How the Private Sector is Paying for Public Innovation

Evans-Blog-20160405City governments have experienced increasing financial strain over the past several decades – pension payments are coming due, infrastructure needs replacing, and the cost of providing social services is increasing. This leaves little room for local governments to get on the social finance innovation train that has been sweeping the private sector for the past few decades, where bright minds have been exploring social enterprise, low-profit limited liability companies, impact investment, and more. However, many have recognized the importance of bridging the gap between private sector innovation and government, leading to organizations across the sectors investing time and money devising ideas that may fill this void.

One promising idea is the Social Impact Bond (SIB) – also known as a Pay for Success Initiative – which promises to provide better government services while eliminating financial risk in the short term and reducing costs in the long term. This initiative is piquing the interest of government officials, philanthropists, social investors, and service providers as an alternative to status quo government spending on social programs.

Big names like Bloomberg Philanthropies and The Rockefeller Foundation are pouring huge sums of money into exploring SIBs to better understand their applications and implications. Even the White House is on board, granting $10 million last year to intermediary organizations to work with dozens of cities investigating promising ideas.

So How Do Social Impact Bonds Work?

Thus far, US-based Social Impact Bonds have mimicked the model that originated in the UK in 2010 – utilize private money to fund an intervention that tackles a pressing social issue in an innovative way. This model requires five distinct stakeholders: 1) a government that has identified a social issue it would like to solve, 2) an investor interested in social impact, 3) a service provider that has demonstrated success through an innovative intervention, 4) an independent program evaluator, and 5) an intermediary. The intermediary plays a critical role, as it convenes the other four stakeholders to create the SIB-enabling contract.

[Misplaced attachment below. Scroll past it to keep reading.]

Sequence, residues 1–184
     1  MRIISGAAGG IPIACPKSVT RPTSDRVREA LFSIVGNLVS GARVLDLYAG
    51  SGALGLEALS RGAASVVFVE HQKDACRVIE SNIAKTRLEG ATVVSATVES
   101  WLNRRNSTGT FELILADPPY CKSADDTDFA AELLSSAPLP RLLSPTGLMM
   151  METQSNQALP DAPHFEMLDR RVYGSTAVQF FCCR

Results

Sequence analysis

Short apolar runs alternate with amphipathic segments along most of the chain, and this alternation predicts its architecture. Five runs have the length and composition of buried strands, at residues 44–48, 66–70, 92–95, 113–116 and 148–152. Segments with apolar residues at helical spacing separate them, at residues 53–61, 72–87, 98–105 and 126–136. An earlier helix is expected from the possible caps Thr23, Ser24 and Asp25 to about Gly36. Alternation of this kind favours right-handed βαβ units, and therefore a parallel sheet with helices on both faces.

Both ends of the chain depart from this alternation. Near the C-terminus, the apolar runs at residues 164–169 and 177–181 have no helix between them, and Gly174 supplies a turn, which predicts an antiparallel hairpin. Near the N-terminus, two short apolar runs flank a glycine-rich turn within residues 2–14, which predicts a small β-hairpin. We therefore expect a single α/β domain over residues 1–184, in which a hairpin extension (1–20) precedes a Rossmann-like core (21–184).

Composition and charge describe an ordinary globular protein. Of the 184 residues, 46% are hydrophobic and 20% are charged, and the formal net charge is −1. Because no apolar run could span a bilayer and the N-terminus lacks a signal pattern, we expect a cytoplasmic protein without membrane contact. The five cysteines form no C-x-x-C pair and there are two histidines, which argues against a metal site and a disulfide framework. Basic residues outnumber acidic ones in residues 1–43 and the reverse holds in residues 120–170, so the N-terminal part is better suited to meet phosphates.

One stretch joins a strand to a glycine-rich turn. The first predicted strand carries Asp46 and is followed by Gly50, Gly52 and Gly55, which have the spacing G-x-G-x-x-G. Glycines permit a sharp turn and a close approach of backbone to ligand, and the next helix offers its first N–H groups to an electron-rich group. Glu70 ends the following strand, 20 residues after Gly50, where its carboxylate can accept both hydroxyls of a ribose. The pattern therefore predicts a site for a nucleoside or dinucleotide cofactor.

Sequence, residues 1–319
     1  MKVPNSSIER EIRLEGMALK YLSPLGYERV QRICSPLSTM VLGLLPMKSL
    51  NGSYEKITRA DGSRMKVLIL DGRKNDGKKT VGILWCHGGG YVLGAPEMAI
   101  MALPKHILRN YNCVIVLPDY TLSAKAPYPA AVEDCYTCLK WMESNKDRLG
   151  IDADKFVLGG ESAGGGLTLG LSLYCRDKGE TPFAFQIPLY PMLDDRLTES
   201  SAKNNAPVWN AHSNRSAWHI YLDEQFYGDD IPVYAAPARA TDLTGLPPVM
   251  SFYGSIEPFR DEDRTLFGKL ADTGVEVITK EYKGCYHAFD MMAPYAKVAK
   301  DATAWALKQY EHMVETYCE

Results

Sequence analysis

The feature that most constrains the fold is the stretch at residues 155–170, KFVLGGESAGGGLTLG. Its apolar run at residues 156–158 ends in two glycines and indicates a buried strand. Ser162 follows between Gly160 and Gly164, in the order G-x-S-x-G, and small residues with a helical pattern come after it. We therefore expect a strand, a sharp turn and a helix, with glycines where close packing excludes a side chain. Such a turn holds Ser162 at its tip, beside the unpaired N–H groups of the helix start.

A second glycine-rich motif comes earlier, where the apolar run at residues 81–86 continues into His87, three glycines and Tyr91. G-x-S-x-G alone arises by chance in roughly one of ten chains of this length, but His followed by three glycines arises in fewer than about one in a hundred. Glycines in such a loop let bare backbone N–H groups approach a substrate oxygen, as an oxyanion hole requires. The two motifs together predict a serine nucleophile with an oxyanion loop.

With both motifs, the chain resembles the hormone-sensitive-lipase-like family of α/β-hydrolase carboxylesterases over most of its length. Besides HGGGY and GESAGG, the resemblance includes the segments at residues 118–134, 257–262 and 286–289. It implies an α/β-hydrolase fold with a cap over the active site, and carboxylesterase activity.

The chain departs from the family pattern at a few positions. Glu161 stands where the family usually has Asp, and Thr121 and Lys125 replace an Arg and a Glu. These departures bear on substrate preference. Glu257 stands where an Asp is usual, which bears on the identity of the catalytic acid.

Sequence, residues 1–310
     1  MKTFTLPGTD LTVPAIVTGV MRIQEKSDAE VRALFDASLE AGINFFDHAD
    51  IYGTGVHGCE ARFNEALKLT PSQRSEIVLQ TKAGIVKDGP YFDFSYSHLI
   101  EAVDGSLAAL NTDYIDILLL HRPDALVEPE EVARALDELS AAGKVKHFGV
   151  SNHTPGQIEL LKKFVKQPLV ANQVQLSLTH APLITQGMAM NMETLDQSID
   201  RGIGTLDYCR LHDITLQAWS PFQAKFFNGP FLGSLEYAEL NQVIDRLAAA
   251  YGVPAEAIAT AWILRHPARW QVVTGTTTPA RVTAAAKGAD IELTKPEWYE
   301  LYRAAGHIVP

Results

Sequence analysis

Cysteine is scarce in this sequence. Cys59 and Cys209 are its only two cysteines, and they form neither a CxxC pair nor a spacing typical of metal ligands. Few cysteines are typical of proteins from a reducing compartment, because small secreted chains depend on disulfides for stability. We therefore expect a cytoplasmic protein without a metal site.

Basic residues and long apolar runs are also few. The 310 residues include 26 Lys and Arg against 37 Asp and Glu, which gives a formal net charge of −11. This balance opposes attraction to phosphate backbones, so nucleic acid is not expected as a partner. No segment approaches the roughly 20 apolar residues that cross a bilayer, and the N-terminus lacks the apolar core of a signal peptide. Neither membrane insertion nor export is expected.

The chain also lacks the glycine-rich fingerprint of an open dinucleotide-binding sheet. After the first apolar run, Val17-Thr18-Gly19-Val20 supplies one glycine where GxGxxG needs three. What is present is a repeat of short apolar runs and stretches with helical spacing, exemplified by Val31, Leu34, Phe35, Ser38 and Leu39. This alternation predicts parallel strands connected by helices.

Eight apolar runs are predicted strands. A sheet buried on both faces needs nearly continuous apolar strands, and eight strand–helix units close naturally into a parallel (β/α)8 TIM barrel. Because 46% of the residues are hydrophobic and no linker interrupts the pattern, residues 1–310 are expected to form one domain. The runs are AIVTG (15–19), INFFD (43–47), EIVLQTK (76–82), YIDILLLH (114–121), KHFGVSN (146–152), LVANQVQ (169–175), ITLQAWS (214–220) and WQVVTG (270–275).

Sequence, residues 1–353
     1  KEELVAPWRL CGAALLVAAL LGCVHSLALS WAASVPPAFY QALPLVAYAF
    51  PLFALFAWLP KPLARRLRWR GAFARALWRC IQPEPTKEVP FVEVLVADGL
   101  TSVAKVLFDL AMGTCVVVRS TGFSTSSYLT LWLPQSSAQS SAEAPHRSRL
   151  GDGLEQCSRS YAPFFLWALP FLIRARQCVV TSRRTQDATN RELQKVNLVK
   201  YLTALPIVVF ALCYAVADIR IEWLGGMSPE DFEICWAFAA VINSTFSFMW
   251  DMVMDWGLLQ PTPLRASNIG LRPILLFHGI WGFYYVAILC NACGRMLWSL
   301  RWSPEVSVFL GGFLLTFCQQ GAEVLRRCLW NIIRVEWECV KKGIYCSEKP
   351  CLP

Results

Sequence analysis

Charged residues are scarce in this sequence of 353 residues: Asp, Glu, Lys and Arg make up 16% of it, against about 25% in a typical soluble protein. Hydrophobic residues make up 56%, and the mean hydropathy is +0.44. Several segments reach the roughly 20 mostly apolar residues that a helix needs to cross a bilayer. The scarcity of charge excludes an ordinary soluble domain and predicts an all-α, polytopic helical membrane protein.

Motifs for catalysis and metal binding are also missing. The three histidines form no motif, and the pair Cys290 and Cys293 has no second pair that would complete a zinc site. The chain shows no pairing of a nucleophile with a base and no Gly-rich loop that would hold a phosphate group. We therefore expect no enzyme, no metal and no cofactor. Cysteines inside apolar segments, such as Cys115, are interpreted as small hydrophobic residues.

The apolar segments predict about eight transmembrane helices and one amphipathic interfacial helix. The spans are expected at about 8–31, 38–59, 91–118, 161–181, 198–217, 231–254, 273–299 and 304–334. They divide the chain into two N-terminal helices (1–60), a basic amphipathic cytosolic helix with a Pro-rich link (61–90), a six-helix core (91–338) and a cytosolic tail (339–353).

The enabling contract specifies the intervention and its desired social outcomes, as well as how the independent evaluator will measure the success of the program. It also indicates that the investor will cover all costs incurred by the service provider in executing the intervention. If the intervention succeeds in reaching the agreed upon social outcomes, the government pays the investor for the services rendered. Here is the kicker, though – if the social outcomes are not met, the government and the service providers are not at risk. Instead, the investor absorbs the financial loss.

Let’s look at an example:

In 2012, recidivism rates at Rikers Island Correctional Facility were upwards of fifty percent. The City of New York recognized the growing social and financial cost this presented and sought out MDRC, a nonprofit education and social research organization, to serve as an intermediary. With the goal of reducing recidivism by 20%, the first US-based SIB was born. Goldman Sachs joined the team by investing $9.6 million to support Adolescent Behavioral Learning Experience (ABLE), an evidence-based recidivism prevention program run by the Osborne Association and Friends of the Academy – two NYC-based service providers. Since the program’s implementation in 2012, it has been monitored by the Vera Institute of Justice – the program’s independent evaluator. In 2015, Vera released an evaluation that ABLE had not resulted in a 20% reduction of recidivism and as a result, the City of New York is not on the hook to repay Goldman Sachs.

While the Rikers Island SIB was not successful, many believe it is too early to tell how SIBs will play out in the US context in the long run. Only eight SIBs have been fully implemented thus far, two of which have produced some type of formalized evaluation. Much is yet to be learned about what types of interventions are most aligned with the Social Impact Bond structure and how their impact can best be measured and monetized. Those with an eye to innovation and government should stay tuned, as more trends are certain to arise with the release of several other SIB evaluations in the next few years.